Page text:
He claimed in a CNBC interview last week that he and his department were willing to work with Pfizer ‘if they are willing to take our help’.

The relationship soured further on Friday when it emerged that Pfizer was charging the U.S. more per dose than countries in the European Union.

A healthcare worker preparing the Pfizer Covid-19 vaccine. The U.S. government signed a deal with Pfizer in July which promised 100 million doses of its vaccine by the end of March

A healthcare worker preparing the Pfizer Covid-19 vaccine. The U.S. government signed a deal with Pfizer in July which promised 100 million doses of its vaccine by the end of March

Last month, the company sold the E.U. 200 million doses for $14.50 each, while the contract with the Trump administration asked for $19.50 per dose.

Pfizer has said the pricing was tiered based on volume and delivery dates.

One source told the Times that Pfizer would be in a greater position to develop more vaccines for the U.S. if a deal with the federal government was reached when the company first asked for help in September.

‘The last thing we want is for this to turn acrimonious,’ Dr. Walid F. Gellad, who leads the Center for Pharmaceutical Policy and Prescribing at the University of Pittsburgh, told the Times. 

‘This kind of corrosive back-and-forth is not helping the public feel any better about what’s going to happen in the future.’

However, Pfizer is now in a greater position to strike a deal after becoming the first vaccine to be granted FDA emergency use approval in the country. 

This advantage could be eroded if other vaccines come through and receive approval.

Johnson & Johnson is expected to announce results from its clinical trials next month while a fourth vaccine from AstraZeneca has also begun to announce interim results.

Pressure is mounting on the government to acquire more doses as cases, hospitalizations and deaths continue to rise across the country.

The last week has been the deadliest of the pandemic so far with more than 18,000 COVID-19 deaths, which equates to one death every 33 seconds.

Deaths from coronavirus have increased in December to record highs with the nationwide seven-day average now at more than 2,600.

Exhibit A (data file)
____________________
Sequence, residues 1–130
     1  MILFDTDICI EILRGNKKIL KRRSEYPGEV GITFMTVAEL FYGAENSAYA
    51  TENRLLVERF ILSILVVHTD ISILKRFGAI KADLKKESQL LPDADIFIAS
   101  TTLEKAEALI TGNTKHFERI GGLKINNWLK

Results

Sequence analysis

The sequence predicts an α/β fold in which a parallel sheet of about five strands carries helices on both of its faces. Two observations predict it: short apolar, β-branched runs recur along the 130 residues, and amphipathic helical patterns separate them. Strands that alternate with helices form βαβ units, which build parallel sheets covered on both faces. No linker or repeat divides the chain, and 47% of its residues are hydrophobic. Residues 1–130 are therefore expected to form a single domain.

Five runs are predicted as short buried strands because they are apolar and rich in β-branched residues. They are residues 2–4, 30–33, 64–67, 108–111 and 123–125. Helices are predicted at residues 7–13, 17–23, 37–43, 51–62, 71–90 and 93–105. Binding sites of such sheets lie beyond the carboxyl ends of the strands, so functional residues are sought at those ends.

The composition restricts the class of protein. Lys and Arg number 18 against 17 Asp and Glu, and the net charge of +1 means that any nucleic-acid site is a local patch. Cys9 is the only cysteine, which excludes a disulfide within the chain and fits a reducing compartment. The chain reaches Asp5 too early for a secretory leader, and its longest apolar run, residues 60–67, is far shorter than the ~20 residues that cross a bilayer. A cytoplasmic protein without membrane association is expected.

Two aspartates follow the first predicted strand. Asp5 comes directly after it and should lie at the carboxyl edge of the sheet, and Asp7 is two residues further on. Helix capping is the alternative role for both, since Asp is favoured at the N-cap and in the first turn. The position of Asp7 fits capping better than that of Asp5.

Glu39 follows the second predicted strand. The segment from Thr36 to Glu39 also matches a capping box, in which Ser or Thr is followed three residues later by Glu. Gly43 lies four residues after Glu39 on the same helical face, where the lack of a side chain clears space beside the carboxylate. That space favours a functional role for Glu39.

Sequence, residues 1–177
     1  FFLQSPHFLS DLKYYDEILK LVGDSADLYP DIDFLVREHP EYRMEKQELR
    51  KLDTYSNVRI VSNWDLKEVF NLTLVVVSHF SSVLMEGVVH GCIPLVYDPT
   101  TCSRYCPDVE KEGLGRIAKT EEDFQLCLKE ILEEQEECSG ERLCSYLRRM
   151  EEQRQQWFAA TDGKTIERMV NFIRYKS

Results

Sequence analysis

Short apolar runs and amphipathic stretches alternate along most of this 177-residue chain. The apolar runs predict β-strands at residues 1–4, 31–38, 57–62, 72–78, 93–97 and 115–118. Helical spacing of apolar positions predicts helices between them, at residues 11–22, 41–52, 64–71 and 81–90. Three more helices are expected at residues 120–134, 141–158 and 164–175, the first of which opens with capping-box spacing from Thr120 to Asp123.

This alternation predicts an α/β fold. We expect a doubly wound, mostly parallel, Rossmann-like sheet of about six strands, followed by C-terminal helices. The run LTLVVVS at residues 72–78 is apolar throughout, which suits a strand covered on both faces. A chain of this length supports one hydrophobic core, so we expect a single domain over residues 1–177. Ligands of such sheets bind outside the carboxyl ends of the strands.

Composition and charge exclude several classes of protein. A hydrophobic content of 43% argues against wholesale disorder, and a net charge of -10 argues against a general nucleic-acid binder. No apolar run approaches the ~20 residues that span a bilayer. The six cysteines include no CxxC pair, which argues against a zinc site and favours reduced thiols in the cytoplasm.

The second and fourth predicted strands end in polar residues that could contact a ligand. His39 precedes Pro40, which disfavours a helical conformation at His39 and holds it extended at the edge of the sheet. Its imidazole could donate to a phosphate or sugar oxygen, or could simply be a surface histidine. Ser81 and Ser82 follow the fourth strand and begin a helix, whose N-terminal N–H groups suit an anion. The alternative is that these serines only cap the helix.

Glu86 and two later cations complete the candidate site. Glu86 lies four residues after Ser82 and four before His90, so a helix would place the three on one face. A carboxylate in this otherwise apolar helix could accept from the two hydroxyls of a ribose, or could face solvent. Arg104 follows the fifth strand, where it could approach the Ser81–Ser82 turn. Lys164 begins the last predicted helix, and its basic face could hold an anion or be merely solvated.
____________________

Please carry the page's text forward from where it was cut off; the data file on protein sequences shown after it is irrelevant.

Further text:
Just 21 days into the month, December has already recorded 50,996 deaths. It is just shy of the 52,200 deaths recorded during the entire month of April.

And health officials fear the death toll will only increase after the holiday season.

Hospitals across the country are already at capacity and officials say a surge in new infections due to gatherings and travel could impact that.

The US recorded 190,519 new cases on Monday and a record total of 115,351 people are currently hospitalized with the virus.

While the country has begun to administer two new vaccines, it may be months before the inoculations put a dent in the COVID-19 outbreak.

As it stands now, Pfizer has made commitments to supply vaccine doses to other nations who came to them faster than the US did.

The company’s officials did urge the Trump administration to move on securing the doses, but they failed to lock them in, claiming that Pfizer would not commit to delivery dates.

The U.S. government did sign a deal with Pfizer in July which promised 100 million doses of its vaccine to the country by the end of March.

Moderna has the same deal, as well as an extra promise to supply a further 100 million doses between April and June.

Yet as both vaccines require two doses, it means that only 150 million Americans eligible for the vaccine will be administered with one.

Under the current guidelines, American older than 18 can receive the Moderna vaccine while Pfizer’s dose is restricted to those 16 and older.

That would leave 110 million people without a vaccine if no new Pfizer deal is announced.

Even if the deal is reached this week, the extra 100 million dozes from Pfizer will still leave 60 million Americans without a vaccine.

Nationwide, there have been more than 18.1 million Americans infected with coronavirus and 321, 698 deaths.